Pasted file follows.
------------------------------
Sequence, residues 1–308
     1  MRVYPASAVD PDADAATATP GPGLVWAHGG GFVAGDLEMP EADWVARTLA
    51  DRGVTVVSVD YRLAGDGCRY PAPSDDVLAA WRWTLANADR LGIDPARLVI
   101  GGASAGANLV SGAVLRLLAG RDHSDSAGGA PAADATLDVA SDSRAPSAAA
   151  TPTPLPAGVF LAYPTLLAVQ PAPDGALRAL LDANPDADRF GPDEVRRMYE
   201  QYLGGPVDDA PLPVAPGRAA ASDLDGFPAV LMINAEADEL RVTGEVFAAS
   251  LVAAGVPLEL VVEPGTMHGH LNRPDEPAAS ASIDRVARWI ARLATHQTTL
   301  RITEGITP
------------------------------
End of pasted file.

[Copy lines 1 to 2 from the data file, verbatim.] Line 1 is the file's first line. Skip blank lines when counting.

Sequence, residues 1–308
     1  MRVYPASAVD PDADAATATP GPGLVWAHGG GFVAGDLEMP EADWVARTLA